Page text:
One of the things that’s very difficult to appreciate is the relative sizes and distances of celestial objects. After all, their sizes and distances aren’t remotely small enough for us to appreciate. As a result, everything we see looks in some way compressed – one object in an image may just as easily be twice as distant, or ten times as near, as another with little way of knowing the difference.
But if we apply a little knowledge to these images, the relative distances seem to jump out at us, like this:
This is a Hubble Space Telescope image of ESO 318-13 taken with Hubble’s Advanced Camera for Surveys. ESO 318-13 is an irregular-shaped galaxy. That is, a galaxy that has no formal structure such as spiral arms or even a well-defined central nuclear region.
It’s a beautiful image, but what I really love about it is that in one shot we can discern a tremendous amount of perspective and depth. Let’s start with the nearby stuff and work our way outward.
The brightest objects are foreground stars in our own Milky Galaxy. Coincidentally the foreground star in the middle right of the image happens to line up with the middle of ESO 318-13, but keep in mind that the galaxy is itself a collection of stars millions of light years beyond.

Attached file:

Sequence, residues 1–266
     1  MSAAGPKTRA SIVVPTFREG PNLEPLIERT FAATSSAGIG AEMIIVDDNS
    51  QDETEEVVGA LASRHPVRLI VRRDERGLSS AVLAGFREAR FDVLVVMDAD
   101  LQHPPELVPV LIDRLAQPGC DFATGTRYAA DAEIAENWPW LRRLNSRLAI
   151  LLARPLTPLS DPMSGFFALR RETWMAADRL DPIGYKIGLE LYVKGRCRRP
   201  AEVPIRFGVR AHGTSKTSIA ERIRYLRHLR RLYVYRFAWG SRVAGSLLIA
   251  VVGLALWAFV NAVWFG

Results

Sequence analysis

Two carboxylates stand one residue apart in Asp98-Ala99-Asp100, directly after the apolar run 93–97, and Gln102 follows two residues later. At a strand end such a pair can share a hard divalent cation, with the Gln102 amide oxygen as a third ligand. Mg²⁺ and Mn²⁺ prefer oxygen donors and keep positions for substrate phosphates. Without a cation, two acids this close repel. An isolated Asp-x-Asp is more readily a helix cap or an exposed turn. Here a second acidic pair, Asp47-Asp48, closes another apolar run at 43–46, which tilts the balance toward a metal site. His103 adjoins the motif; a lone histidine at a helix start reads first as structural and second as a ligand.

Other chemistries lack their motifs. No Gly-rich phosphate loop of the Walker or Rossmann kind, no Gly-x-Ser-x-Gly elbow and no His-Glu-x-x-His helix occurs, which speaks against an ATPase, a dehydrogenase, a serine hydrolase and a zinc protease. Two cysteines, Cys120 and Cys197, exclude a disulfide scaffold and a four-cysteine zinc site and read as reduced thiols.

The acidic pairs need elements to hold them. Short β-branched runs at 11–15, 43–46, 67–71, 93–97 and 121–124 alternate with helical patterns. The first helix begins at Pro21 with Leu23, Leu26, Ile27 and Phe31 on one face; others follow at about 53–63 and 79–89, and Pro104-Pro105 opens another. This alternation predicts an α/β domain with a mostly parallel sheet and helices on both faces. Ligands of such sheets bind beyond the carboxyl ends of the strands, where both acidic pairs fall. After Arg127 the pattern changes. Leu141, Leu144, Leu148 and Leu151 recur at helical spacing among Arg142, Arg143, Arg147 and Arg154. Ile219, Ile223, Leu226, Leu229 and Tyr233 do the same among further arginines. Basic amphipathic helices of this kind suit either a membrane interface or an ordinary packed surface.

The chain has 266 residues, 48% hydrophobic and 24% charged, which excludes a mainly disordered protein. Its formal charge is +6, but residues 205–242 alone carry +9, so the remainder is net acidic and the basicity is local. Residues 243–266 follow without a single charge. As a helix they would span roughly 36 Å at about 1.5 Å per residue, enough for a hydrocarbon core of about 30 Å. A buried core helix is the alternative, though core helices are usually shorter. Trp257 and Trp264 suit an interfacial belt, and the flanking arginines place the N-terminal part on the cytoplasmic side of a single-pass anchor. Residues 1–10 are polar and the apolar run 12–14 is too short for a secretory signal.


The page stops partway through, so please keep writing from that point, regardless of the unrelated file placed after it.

If you look at the full-resolution version of the image, you’ll see individual stars within ESO 318-13. And if you look toward the right-edge of the galaxy you’ll spot a beautiful face-on spiral tens of millions of light-years in the distance behind the galaxy. For all of their grandeur, galaxies are mostly empty space, and can be transparent enough to allow background galaxies to easily be seen through them.
Pan around the image and you’ll see a lot more galaxies in the background, including a giant elliptical galaxy in the upper right-hand corner of the image. ESO 318-13 is a dwarf galaxy and may contain a few tens of millions of stars. But the elliptical galaxy in the background is a cosmic titan containing several hundred billion suns!
The distances to objects in this image are all relative – there isn’t anything that tells us exactly how far away they are just by looking at them. To get those measurements we need to use indirect methods such as spectroscopy. But in one image we can begin to get an idea of the sheer scale of the cosmos – keeping in mind that this is still a fairly local region of the universe!